GE wants to keep its lighting business relevant as our appliances, cities, and even our homes become connected. On Monday, GE partnered with Apple's program that will let people use their phones as a remote control for all sorts of connected appliances and fixtures in the home— from door locks to outlets. GE's new Internet-connected light bulbs will automatically mimic natural sunshine with bright, bluer light in the morning and a dimmer yellow light in the evening.
By partnering with Apple and its so-called HomeKit service, GE is hoping to retain its top status in the increasingly competitive consumer lighting industry. GE will integrate its connected lighting products with Apple's HomeKit home automation platform, the companies said on Monday. The new GE bulbs will be available later this year, but there's no word yet on what they will cost.
Many of GE's competitors offer similar sun-mimicking patterns on their connected bulbs, so GE has some catching up to do here. Some of those competitors such as Philips, with its Hue lights for the consumer market, are also HomeKit partners. HomeKit is expected to launch this month or next, and will include partners such as August door locks, Chamberlain, the maker of a connected garage door, and many others. For those less inclined to wait, GE does have connected Link LED light bulbs out today, which are among the least expensive on the market at $15 per bulb. These bulbs work with the Wink smart home hub sold at Home Depot. Yet, the GE bulbs are facing competition from a host of new companies including venture-backed startups such as LIFX or Stack Lighting.
Both GE and Apple are riding a wave of interest in the smart home, a concept that has been gaining in consumer mind share since 2012, and really broke into the mainstream this year. Major companies such as Google, which purchased the connected thermostat maker Nest for $3.2 billion in January 2014 and Samsung, which spent a rumored $200 million buying SmartThings last summer, have gotten into the business of helping consumers connect their homes.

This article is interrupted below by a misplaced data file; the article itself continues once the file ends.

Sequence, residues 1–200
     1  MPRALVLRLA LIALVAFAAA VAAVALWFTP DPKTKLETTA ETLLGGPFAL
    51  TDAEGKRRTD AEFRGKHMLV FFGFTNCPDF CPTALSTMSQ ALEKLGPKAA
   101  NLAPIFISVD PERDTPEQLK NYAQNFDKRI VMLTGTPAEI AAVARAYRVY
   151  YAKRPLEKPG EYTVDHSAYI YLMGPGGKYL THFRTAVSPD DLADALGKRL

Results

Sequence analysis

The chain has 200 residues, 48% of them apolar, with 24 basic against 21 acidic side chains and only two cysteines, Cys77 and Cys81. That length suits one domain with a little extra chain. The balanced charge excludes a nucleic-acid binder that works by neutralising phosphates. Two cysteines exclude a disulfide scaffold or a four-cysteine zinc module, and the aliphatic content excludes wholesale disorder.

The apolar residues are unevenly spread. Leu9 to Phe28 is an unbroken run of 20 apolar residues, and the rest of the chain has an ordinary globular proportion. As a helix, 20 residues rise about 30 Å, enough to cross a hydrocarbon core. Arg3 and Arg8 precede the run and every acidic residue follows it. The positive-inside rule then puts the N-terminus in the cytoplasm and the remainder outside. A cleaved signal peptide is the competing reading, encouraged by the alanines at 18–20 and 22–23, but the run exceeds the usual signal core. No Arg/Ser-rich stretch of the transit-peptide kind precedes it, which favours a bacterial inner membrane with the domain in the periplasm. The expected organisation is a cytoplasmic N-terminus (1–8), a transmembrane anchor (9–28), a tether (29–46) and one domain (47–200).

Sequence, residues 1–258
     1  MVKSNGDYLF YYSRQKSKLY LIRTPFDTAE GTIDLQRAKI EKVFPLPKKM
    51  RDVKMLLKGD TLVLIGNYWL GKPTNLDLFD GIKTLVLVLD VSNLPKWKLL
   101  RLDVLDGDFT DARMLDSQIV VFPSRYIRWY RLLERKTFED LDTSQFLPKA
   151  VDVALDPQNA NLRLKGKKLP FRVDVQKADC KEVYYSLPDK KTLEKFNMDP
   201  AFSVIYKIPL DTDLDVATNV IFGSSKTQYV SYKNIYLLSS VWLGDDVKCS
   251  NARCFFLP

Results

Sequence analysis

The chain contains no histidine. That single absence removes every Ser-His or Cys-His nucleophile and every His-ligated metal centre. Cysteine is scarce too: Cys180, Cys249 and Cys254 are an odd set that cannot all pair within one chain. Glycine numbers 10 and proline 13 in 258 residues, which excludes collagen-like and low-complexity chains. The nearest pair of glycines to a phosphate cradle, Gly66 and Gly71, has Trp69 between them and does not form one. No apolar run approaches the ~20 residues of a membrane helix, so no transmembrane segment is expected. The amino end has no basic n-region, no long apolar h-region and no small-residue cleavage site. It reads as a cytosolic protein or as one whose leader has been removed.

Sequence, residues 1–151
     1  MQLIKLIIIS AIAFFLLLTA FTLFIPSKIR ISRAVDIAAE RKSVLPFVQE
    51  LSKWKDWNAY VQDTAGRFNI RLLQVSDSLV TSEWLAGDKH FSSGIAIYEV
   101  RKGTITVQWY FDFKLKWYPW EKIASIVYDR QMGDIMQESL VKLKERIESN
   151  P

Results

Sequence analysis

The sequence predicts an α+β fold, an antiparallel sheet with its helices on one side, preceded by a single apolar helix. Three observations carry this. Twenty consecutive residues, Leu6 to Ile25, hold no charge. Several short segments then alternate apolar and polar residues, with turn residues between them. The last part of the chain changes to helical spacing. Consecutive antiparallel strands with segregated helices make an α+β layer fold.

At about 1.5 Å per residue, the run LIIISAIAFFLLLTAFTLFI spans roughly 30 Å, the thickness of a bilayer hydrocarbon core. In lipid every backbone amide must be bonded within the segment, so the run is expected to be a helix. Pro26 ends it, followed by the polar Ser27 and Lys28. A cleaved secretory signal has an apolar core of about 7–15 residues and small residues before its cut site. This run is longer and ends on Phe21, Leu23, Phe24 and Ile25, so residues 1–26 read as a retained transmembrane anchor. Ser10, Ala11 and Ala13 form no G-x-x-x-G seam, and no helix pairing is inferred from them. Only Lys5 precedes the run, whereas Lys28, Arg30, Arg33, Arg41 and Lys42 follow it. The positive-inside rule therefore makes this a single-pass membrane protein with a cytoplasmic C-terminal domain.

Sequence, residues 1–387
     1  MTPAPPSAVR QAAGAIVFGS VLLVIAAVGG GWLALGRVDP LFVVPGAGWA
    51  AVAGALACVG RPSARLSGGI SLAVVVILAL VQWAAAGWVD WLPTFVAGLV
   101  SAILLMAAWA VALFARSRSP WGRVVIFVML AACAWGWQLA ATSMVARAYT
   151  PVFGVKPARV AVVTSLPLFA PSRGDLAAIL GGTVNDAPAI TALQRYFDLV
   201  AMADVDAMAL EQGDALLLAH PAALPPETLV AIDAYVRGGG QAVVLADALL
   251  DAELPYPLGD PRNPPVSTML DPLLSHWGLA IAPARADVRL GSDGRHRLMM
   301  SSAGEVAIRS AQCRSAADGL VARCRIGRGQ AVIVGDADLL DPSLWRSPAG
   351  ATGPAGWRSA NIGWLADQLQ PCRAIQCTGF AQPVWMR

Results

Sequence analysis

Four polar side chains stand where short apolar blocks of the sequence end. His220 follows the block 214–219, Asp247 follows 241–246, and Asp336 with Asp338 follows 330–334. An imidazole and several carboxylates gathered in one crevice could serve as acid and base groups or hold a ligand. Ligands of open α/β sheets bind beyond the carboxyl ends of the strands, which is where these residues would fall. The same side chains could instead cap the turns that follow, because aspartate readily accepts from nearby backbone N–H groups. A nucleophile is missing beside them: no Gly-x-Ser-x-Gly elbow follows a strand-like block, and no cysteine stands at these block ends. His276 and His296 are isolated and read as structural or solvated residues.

In its other major announcement today, GE said it would work with Qualcomm to put technology inside its commercial lighting for retail customers. The technology uses the camera inside your cellphone and specialized "signatures" put out from GE's LEDs that allow the phone to triangulate a customer's position in the store. Before this happens the customer has to opt into the program and download an app.
The technology lets the retailer know the location of shoppers inside the store within a few centimeters and then sends messages to them based on their location. For example, a store could send a shopper a coupon for mouthwash at the moment they walk next to it on the shelf. Stores might use the technology for understanding traffic patterns, inventory, and anticipating when to staff up their check out lanes.
The partnership between GE and Qualcomm is a natural one because lights are a good place for devices that are trying to track people and gather information about what they do and where they go inside stores. Lights have a source of power, which means staff won't have to change batteries often, and they are out of reach of customers who might try to move the any sensing devices around to mess with the store owner. GE is clear that the technology is not a beacon, a device that uses a Bluetooth radio to communicate with a person's smartphone. Instead the technology is part of the LED light, and is called the visible light communications device or VLC, according Jeff Bisberg, a global general manager for indoor location at GE Lighting.
Whatever he calls it, knowing where people are in very granular detail is a space that's heating up. Swirl, a company that provides beacons raised $18 million from Softbank and Twitter Ventures two weeks ago. So it's clear that with the Qualcomm and Apple partnership, GE recognizes the threats that upstarts are bringing to its business, and it won't take them lying down.